The Senate Judiciary Committee, voting strictly along party lines, on Thursday approved President Obama's pick to head the Bureau of Alcohol, Tobacco, Firearms and Explosives — setting up what could be a major Senate floor fight with Republicans.
The committee, in a 10-8 vote, ended more than six months of debate over the nomination of U.S. Attorney B. Todd Jones, including intense and often critical discussion of his management style as the chief federal prosecutor in Minnesota.
Mr. Jones has served as ATF's acting director for two years and also has kept his job as U.S. attorney. President Obama listed confirming Mr. Jones as a key point in his package of gun control measures unveiled in the wake of the Newtown, Conn., shooting.
Facing a potential Republican filibuster when the matter goes to the full Senate, Democrats would have to secure at least six Republican votes to install Mr. Jones as the permanent head of the ATF.
Leading the Republican opposition against the Jones nomination was the committee's ranking Republican, Sen. Chuck Grassley of Iowa.
Mr. Grassley said he was against proceeding on the nomination because of an investigation of Mr. Jones by the office of special counsel. When a nominee is the subject of an open investigation, he said the committee generally does not move forward until it is resolved.
"However, today, it appears the majority is intent on reporting out the nomination, even though the issues are not resolved and despite the concerns we have expressed," he said. "So it seems, at least with this nomination, we are proceeding in a manner that indicates a predetermined outcome and schedule rather than following the normal committee process."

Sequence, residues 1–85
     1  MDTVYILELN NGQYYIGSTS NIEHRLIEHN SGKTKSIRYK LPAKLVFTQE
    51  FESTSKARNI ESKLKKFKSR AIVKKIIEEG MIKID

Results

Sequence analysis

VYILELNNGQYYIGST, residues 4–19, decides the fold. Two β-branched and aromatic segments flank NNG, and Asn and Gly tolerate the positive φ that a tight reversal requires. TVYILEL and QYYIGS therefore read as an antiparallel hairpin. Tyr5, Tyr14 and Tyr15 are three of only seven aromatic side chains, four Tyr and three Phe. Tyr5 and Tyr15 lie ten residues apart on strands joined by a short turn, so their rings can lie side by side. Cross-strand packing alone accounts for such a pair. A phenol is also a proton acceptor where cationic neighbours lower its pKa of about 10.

Mr. Grassley said the office of special counsel is investigating two matters involving the U.S. attorney's office in Minnesota — one alleging reprisal for whistleblowing and other protected activity, and another alleging gross mismanagement and abuses of authority. He called the allegations "very troubling."
Senate Judiciary Committee Chairman Patrick J. Leahy, Vermont Democrat, has argued that the office's complaint "is not substantial or even substantially about Todd Jones." He said it provided no reason to oppose the confirmation.
"We are further examining the matter, but I believe him qualified and at this time know of no good reason the Senate should not confirm his nomination," Mr. Leahy said.
The full Senate has not confirmed a permanent ATF director since it was given the power to do so in 2006. Mr. Jones has headed the agency since 2011, taking over from Kenneth Melson, who also was an acting director. Mr. Melson was reassigned in the wake of the criticism of the Justice Department's "Fast and Furious" gun-running operation along the Mexican border.
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